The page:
Absolutely. I did an experiment this past fall with my undergraduate class here at the University of Texas and I brought the students to see 12 Years a Slave. I teach all my classes with the senses in mind, even when they do presentations they have to think about trying to tap in to two or three of the senses in their course presentations, and if they can get all five then I’ve done my job. Anyways, we went to the screening of the film and I knew I would be able to get them to feel, they would get the sense of touch because they would be emotionally moved by the film (I had already seen it), the sight of what they would see—a lot of people say, when they’ve seen videos or movies on slavery, but they’ve never had that kind of imagination. They might have read it, but what they imagined wasn’t the same as what they see on screen. So the sight part is very powerful. In that film the music, and the spirituals, Roll Jordan Roll is played in there. It’s a very powerful song, and it builds. They didn’t smell things in the theater, but the students were overwhelmed. They came out of the theater, they loved the movie, but they came out emotionally exhausted. They said, “Dr. Barry, we felt everything.” They were at a theater where they could have food, and some of them said, “I couldn’t eat because I was so overwhelmed by the sights, the sound, and everything else. All of my other senses were in such high gear that I couldn’t finish the food that I had ordered.”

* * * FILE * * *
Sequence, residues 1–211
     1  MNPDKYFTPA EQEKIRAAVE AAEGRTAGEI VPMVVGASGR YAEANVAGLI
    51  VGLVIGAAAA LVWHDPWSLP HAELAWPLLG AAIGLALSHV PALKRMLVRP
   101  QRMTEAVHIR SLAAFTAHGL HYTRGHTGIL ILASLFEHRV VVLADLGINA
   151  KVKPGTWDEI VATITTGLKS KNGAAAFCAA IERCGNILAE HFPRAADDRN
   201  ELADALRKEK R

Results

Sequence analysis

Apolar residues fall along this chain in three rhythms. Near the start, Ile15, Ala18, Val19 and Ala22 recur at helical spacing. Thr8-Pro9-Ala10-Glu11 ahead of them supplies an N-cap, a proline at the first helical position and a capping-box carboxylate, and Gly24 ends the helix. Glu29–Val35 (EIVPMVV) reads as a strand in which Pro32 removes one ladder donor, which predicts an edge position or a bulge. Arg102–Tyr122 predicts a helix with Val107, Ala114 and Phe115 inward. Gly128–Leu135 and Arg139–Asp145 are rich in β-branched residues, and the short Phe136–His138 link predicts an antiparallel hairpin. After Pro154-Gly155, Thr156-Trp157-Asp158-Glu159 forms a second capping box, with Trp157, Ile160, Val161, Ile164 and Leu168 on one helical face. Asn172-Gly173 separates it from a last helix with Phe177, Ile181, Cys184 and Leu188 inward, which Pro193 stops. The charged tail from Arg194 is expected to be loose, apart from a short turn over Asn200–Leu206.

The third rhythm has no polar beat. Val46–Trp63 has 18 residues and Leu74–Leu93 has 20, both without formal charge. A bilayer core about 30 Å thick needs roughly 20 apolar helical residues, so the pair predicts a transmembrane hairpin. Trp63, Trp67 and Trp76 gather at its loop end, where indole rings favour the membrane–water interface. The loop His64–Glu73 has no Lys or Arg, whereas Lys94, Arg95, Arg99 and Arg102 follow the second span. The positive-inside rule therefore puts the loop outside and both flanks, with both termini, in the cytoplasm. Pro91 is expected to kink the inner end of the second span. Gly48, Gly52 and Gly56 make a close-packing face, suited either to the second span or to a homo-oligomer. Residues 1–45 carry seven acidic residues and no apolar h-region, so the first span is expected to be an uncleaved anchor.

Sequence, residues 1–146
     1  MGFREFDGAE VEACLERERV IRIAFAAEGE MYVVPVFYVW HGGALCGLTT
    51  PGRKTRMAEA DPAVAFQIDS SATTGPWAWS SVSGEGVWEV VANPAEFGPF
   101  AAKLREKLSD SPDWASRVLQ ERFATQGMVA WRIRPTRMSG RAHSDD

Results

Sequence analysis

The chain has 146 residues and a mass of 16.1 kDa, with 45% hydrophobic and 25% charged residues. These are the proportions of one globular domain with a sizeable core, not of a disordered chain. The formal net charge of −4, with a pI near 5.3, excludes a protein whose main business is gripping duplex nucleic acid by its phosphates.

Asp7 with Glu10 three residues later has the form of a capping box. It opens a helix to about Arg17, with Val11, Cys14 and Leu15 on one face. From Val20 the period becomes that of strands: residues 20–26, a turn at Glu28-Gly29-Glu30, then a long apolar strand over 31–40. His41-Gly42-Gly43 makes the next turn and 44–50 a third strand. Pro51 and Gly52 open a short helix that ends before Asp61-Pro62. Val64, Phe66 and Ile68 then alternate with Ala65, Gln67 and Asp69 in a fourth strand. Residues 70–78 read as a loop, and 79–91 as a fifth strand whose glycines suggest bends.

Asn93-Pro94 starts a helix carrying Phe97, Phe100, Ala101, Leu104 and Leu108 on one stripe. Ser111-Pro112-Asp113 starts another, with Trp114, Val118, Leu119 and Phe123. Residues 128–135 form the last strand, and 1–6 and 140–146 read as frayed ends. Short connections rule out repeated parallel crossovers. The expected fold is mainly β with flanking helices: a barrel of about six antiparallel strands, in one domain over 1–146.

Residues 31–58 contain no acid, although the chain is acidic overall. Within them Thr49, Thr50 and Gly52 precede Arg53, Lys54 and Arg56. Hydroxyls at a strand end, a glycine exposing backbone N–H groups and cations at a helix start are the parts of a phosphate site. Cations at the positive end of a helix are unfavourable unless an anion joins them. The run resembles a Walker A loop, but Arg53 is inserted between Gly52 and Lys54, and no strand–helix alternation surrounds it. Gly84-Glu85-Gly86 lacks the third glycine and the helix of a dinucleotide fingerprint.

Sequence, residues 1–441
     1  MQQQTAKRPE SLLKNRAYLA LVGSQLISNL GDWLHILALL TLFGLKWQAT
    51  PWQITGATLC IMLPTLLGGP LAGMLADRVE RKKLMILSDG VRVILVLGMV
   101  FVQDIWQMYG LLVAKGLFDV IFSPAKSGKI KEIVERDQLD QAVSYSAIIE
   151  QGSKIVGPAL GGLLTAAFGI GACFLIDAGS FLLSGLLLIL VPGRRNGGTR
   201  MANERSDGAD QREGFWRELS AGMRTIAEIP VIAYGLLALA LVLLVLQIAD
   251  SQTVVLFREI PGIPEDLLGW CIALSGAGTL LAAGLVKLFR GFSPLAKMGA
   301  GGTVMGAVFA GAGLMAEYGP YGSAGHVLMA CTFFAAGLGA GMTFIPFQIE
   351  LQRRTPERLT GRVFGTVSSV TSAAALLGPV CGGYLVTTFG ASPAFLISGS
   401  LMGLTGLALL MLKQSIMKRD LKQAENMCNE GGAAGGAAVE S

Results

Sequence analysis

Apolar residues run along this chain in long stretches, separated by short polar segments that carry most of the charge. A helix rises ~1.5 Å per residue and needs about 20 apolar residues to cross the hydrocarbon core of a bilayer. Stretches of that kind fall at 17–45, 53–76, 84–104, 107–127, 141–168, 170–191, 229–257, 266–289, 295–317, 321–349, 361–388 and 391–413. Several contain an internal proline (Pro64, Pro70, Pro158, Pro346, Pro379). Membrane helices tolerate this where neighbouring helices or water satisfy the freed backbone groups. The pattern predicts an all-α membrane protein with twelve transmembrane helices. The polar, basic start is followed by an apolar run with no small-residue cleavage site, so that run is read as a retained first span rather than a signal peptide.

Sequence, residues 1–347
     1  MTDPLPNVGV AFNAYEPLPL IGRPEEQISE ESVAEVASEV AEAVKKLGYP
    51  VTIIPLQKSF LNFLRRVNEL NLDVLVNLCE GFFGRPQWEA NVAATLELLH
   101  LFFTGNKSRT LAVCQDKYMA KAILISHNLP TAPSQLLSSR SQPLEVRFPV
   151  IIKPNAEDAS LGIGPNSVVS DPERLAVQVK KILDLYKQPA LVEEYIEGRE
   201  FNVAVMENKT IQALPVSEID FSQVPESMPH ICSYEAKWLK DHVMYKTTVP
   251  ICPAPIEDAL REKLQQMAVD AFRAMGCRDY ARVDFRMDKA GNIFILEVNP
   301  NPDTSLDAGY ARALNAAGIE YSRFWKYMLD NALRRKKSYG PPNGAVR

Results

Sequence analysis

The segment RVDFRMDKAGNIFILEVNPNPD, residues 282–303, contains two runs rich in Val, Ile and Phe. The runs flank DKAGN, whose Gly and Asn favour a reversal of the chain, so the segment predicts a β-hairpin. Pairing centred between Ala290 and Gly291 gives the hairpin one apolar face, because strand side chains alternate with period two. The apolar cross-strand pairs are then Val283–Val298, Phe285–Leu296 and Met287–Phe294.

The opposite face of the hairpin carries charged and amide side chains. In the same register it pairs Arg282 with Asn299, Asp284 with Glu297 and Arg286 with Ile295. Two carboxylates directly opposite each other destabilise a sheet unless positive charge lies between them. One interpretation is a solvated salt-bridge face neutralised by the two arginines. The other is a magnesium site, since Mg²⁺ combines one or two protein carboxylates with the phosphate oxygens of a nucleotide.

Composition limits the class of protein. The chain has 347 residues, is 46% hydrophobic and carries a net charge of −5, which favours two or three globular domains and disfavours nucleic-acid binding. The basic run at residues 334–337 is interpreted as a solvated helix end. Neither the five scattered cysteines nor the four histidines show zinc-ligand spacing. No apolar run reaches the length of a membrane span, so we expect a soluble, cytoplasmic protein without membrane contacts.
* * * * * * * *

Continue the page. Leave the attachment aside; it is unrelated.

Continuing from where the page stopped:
I felt like, on the one hand they really understood it and were able to connect with it in a way that just me telling them about the book, 12 Years a Slave, or having them just read it wouldn’t have been the same.